The Grim Reaper often came knocking when it was unexpected. That was something Eileen Edwards had figured out years ago. So when the phone on her desk rang at just after eight in the morning on Sunday, February 8th, she knew it wouldn’t be good news.
“Call from Law-ree Nor-man,” the androgynous call display voice told her.
Constable Larry Norman was a detective in Vancouver’s Gang Task Force—and her former partner.
Eileen picked up the phone and grimaced as a twinge of pain shot through her right hand. “Sorry I can’t come to the phone right now. Please leave your name and—”
“Really, Eileen? Is that the best you can do?”
“—after the beep. Beeeep.”
There was a slight pause. Then Larry said, “You done?”
She sighed and adjusted her reading glasses. “I hope this is a crank call.”
“I need a favor. I need you to find a street kid named Zipper.”
“You do know this is Family Day weekend and my first weekend off in forever.”
“But you’re already up and working anyway,” Larry said.
Eileen leaned back in the chair and glanced across the room. The white letters on the glass door of the office reminded her that E.Y.E. Spy Investigations had bills to pay. “How do you know? Maybe you woke me.”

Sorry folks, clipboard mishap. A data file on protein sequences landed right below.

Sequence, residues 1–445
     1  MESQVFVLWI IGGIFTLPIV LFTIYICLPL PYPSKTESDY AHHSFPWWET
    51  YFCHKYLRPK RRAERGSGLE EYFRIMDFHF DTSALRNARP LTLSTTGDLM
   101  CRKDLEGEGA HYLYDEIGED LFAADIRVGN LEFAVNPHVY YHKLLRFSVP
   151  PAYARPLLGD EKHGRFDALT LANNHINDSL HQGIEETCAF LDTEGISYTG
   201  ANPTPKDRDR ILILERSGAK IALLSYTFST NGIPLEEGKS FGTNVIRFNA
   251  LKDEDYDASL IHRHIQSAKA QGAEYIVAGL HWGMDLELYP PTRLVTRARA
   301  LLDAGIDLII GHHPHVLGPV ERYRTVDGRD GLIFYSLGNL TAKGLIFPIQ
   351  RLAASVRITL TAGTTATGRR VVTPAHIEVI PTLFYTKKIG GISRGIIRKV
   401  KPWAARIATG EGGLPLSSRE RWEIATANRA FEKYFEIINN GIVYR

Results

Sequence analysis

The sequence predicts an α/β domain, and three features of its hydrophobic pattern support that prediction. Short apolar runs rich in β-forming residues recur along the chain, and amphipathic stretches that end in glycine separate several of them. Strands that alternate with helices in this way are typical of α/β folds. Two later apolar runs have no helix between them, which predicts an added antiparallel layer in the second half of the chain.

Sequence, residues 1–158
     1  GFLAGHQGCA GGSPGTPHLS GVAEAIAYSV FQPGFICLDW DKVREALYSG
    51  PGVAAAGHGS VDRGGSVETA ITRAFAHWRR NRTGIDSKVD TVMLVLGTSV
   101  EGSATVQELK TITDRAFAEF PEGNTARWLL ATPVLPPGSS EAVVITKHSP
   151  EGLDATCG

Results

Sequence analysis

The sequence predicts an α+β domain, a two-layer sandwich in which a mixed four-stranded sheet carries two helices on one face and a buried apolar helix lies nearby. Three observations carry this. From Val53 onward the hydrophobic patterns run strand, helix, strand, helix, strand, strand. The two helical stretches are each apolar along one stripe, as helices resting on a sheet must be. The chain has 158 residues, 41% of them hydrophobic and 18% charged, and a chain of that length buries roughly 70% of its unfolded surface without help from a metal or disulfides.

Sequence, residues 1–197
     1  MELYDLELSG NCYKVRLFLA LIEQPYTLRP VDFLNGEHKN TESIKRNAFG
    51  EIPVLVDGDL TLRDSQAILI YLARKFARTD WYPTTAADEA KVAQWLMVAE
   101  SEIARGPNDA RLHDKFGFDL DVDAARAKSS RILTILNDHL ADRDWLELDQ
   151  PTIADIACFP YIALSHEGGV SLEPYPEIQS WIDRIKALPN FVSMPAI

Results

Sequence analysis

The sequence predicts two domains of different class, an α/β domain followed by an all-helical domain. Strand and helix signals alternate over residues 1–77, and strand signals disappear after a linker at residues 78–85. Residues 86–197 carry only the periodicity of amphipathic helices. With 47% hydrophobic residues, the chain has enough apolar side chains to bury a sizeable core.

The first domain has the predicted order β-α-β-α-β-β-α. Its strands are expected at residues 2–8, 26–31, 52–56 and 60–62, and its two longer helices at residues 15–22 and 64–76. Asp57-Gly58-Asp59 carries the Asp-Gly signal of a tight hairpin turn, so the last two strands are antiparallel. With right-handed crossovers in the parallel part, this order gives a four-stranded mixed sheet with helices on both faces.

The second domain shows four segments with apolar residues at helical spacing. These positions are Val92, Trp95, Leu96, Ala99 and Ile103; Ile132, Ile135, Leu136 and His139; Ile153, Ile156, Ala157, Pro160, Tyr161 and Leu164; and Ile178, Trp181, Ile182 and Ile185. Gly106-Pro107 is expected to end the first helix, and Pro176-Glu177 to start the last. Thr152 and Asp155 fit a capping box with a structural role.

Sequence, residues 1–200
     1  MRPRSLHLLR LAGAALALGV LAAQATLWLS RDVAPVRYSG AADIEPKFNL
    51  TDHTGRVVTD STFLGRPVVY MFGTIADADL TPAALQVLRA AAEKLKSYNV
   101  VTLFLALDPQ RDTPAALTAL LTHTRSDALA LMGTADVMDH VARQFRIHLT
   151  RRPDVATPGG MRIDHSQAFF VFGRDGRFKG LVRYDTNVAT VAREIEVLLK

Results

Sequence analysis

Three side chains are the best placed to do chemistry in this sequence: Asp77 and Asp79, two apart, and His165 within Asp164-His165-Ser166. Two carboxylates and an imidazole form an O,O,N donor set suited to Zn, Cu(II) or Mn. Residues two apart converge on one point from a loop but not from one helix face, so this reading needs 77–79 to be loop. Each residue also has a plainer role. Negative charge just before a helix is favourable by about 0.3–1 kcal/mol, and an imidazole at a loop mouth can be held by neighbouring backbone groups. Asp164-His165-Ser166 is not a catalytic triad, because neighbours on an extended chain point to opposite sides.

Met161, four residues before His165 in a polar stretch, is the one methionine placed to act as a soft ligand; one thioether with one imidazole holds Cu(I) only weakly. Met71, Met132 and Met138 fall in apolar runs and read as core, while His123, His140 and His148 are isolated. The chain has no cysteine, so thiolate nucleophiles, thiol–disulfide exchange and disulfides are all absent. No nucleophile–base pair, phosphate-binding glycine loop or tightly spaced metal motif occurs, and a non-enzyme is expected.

Larry chuckled. “You’re in your office. I can hear your printer gasping for breath in the background.”
She glared at the hefty, aging machine that was busy groaning and vomiting up paper like Linda Blair puking up pea soup. Maybe the printer needed an exorcism. Papers scattered on the floor told her she’d forgotten to extend the catch tray again. Another sheet shot out, and she caught it before it hit the floor with the others.
“You know, you should really trade that antique in for a modern printer,” Larry said. “Maybe one built after 1990.”
“It works fine. Now what’s so important about this Zippy kid?”
“What did he do—kill someone?”
“No, the opposite. We think he witnessed a murder.”
“Poor kid.” She sighed. “What do you know about him?”
“Not much. He’s about fourteen. No priors. His mother is dead. Father unknown. He’s not a big kid—wears a Canucks cap and gets around by skateboard.”
Eileen scribbled notes on the back of the paper. “What’s his real name?”
“No idea. He was raised by the street. Everyone calls him Zipper.”
She frowned. “Is he a prostitute?”
“No. He’s just fast on a skateboard.”
“Then they should have called him Zippy. Tell me about the murder.”
“You know I’m not supposed to talk about an active GTF investigation.”
“I need to know what I’m dealing with.”
“Okay,” Larry said, lowering his voice, “but you didn’t hear this from me.”
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